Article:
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Safety & security

Passenger safety and crime prevention

The safety of passengers has always been of paramount importance to the designers of Metropolitana Milanese. The rarity of accidents of any kind on all three lines of the Milan metro is clear testimony of their continuous efforts over the years which are still at the heart of their concerns. To guarantee safety in a transport system, it is necessary both to minimize the risk of accidents (safety) and to prevent criminal behaviour, such as vandalism, pickpocketing, violent acts and crime in general (security).


To guarantee the safety of passengers and workers, various equipment systems have been adopted and, over time, constantly developed:

  • the design and construction of the tracks is always carried out with the primary objective of minimising the risk of derailment. As an example, one special safety device in potentially the most critical situations (on tight bends or in zones adjacent to certain structural components) is the installation of a safety rail to contain the effects of derailment;
  • signalling systems to guarantee safe operation even in the event of human error, through automatic and constant detection of the position and speed of each train.

The system provides for: automatic braking of the train if it gets too close to the train in front, preventing collision; management of points, preventing routing which is incompatible with them; train speed control, taking into account track conditions and traffic on the route section; automatic braking in the event of passing a red signal, due to human error for example; control of the door opening side at stops.

All the functions are carried out within an intrinsically safe system: this means that any possible malfunction of the system cannot compromise the basic functions. The system reacts to faults with pre-arranged safety procedures such as slowing down or stopping trains on the track in question.

  • the systems providing power to the trains and stations, which ensure a high level of energy availability by virtue of several levels of redundancy, greatly reducing the likelihood of black-outs in stations or trains stopping in mid-journey.
  • the telecommunication and central control systems allowing the operations room to remotely manage the whole metro line, in relation both to normal operation and the provision of rapid response in the event of an emergency.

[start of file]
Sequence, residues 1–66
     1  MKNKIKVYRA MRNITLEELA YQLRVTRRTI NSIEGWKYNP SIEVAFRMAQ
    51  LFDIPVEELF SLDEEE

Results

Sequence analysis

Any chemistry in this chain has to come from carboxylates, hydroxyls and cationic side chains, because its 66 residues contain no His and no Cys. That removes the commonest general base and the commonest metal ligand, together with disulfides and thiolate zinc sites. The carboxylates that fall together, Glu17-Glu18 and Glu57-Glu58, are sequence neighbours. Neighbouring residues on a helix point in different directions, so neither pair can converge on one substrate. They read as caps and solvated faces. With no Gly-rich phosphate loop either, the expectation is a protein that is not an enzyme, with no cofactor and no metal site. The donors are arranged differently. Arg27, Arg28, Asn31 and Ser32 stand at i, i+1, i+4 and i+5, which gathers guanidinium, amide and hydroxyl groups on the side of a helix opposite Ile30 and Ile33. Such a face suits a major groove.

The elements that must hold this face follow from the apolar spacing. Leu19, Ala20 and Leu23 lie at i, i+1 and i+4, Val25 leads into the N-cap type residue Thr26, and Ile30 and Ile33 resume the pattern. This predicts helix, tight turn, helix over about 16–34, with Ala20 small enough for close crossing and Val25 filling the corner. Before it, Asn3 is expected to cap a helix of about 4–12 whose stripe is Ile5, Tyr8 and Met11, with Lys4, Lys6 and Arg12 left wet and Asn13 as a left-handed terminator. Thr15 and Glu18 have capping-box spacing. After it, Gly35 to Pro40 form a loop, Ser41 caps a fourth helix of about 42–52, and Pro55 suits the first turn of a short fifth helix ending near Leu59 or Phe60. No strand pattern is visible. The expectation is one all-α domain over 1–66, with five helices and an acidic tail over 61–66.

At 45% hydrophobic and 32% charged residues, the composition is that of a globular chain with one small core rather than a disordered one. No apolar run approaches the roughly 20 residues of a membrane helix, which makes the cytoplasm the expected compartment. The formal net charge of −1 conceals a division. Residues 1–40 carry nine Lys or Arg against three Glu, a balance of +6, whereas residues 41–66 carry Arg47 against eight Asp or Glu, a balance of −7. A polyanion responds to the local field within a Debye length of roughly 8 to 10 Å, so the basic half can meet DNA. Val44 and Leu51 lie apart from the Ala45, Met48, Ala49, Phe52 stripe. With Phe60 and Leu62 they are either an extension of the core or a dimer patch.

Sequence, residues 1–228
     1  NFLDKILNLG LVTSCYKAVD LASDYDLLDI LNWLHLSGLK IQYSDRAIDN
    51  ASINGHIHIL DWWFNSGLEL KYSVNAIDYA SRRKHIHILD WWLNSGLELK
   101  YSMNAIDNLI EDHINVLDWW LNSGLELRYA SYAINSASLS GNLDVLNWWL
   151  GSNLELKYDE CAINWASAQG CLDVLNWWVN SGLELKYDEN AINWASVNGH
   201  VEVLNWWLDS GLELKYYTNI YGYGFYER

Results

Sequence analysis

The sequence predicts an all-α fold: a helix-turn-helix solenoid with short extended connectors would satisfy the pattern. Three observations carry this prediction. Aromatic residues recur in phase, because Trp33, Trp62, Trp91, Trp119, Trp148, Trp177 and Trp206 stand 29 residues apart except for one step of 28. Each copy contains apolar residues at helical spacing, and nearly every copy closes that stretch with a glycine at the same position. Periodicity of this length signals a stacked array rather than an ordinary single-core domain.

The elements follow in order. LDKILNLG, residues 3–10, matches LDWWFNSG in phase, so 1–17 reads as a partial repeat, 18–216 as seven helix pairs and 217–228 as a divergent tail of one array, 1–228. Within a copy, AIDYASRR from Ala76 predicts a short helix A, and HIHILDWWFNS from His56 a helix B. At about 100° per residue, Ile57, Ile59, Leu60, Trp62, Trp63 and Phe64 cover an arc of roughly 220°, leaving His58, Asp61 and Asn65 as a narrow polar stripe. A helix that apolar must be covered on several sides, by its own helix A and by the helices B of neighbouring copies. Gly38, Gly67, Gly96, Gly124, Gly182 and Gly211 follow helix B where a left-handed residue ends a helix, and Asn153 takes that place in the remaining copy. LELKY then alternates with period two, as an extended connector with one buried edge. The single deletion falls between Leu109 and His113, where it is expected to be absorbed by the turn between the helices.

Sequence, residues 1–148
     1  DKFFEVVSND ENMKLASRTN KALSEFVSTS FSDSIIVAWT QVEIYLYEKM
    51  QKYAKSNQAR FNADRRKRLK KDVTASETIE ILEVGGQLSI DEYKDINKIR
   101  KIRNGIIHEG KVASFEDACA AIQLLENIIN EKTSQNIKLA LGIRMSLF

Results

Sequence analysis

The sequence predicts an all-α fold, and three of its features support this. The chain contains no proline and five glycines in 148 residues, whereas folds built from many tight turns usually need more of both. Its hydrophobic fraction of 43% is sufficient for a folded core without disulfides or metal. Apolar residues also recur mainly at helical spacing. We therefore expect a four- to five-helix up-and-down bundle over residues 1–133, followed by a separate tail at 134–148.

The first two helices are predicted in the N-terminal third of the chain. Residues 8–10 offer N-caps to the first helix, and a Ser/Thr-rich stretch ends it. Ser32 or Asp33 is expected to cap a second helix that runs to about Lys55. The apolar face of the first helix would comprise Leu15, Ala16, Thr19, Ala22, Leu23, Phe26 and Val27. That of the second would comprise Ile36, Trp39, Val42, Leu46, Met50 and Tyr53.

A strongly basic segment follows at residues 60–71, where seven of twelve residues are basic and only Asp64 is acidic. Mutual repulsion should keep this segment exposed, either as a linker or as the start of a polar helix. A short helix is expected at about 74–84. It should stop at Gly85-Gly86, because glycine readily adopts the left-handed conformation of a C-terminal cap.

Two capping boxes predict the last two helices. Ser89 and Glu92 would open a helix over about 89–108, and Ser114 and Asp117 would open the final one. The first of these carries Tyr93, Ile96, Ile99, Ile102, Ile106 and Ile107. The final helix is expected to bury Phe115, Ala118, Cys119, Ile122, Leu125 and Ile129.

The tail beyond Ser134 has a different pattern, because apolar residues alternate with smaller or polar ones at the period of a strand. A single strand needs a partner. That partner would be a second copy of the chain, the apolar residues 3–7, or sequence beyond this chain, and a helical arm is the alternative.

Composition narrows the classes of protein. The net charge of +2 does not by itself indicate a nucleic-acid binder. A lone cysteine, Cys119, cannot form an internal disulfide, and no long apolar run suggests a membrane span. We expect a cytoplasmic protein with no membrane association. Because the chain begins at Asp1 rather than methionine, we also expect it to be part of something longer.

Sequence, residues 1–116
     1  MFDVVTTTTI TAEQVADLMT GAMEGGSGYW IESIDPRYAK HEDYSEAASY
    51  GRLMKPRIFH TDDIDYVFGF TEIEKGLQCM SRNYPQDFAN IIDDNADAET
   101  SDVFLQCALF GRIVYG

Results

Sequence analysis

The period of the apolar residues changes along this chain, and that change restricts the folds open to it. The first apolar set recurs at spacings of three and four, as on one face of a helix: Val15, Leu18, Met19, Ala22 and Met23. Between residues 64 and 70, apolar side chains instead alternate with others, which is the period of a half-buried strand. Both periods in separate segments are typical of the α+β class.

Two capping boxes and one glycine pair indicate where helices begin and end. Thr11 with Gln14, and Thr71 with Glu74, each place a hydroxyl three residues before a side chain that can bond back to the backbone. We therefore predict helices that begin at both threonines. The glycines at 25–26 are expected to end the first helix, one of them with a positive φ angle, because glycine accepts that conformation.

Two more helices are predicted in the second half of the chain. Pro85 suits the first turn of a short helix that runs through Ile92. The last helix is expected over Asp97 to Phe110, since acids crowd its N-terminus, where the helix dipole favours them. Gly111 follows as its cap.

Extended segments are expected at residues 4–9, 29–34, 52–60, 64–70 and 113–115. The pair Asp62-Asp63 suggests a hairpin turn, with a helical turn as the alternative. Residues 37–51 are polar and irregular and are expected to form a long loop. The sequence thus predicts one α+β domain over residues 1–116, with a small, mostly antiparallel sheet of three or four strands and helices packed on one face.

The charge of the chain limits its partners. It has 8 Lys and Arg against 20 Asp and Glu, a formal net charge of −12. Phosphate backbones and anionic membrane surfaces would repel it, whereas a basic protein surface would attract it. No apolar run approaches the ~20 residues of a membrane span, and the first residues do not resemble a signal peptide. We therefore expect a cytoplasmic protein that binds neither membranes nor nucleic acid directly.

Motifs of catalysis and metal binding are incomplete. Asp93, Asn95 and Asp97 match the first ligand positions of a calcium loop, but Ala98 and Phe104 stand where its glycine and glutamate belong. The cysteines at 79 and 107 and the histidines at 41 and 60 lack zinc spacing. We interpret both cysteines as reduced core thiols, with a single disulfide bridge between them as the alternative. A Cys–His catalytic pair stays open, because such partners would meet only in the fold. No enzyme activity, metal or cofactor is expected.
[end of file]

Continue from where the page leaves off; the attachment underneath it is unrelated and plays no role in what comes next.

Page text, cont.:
• the fire prevention and management systems which reduce the risk of fire and allow its effects to be quickly contained.


From the security point of view, on the new lines and the most recent extensions, measures have been adopted to prevent and if necessary manage situations following criminal acts.

  • A closed circuit TV system (CCTV) monitors all the important areas: platforms, entrances to tunnels, atriums, corridors, interior of lifts, escalators, station operators’ cabins, automatic ticket dispensers. The images are sent to the national police control rooms. Many of the cameras are set up for 24 hr recording.
  • A station videophone system allows members of the public to make immediate contact with the control room.
  • A public address system provides audio information messages to passengers, which may give warnings (e.g. drawing attention to pickpockets) or advise action to be taken in the event of emergencies.
  • An intruder alarm system monitors secondary entrances to tunnels and stations such as emergency exits, ventilation rooms, grilles, equipment lifting/lowering shafts and, at night, the main entrances.
  • Radio systems also allow communications, even underground, with staff, national police patrols and the fire brigade.

Over the last few years, Metropolitana Milanese has undertaken a series of projects, some international, designed to prevent and manage underground fires in railway, metro and road environments. In particular, the projects dedicated to metro systems are being developed in terms of prevention and protection..
equipment and systems for detecting smoke and heat in order to promptly alert the operations room and then the rescuers;
The first requirement for prevention is the use of low flammability materials, which do not emit toxic gases or thick smoke. The element of protection refers to the presence and activation of:

  • equipment and systems for detecting smoke and heat in order to promptly alert the operations room and then the rescuers;
  • fire hydrants in the station and tunnels;
  • extinguishers in all stations;
  • automatic sprinkler systems at the train platform stop area, in sidings, on escalators, in shopping areas;
  • water curtain smoke barrier systems, to contain the spread of combustion products from the platform level to the upper levels;
  • a station ventilation system, to remove smoke from a fire on a train which is stopping and at the same time bring fresh air to passengers moving towards the surface;
  • a tunnel ventilation system to remove smoke in one direction from a possible - though unlikely - fire in a train stopped half-way along the section of track, the opposite direction being kept free to allow a viable escape route under conditions of safety and at the same time facilitate intervention by rescuers;
  • exits along the tunnel, allowing people to escape to the surface via routes other than those usually offered by the presence of the two nearest stations;
  • points of access for the fire brigade throughout the tunnel, to offer multiple possibilities for intervention in any kind of emergency;
  • tunnel public address system, to give information to passengers during the evacuation of a train stopped along the track section;
  • emergency tunnel lighting, with lighting levels exceeding those for normal operation.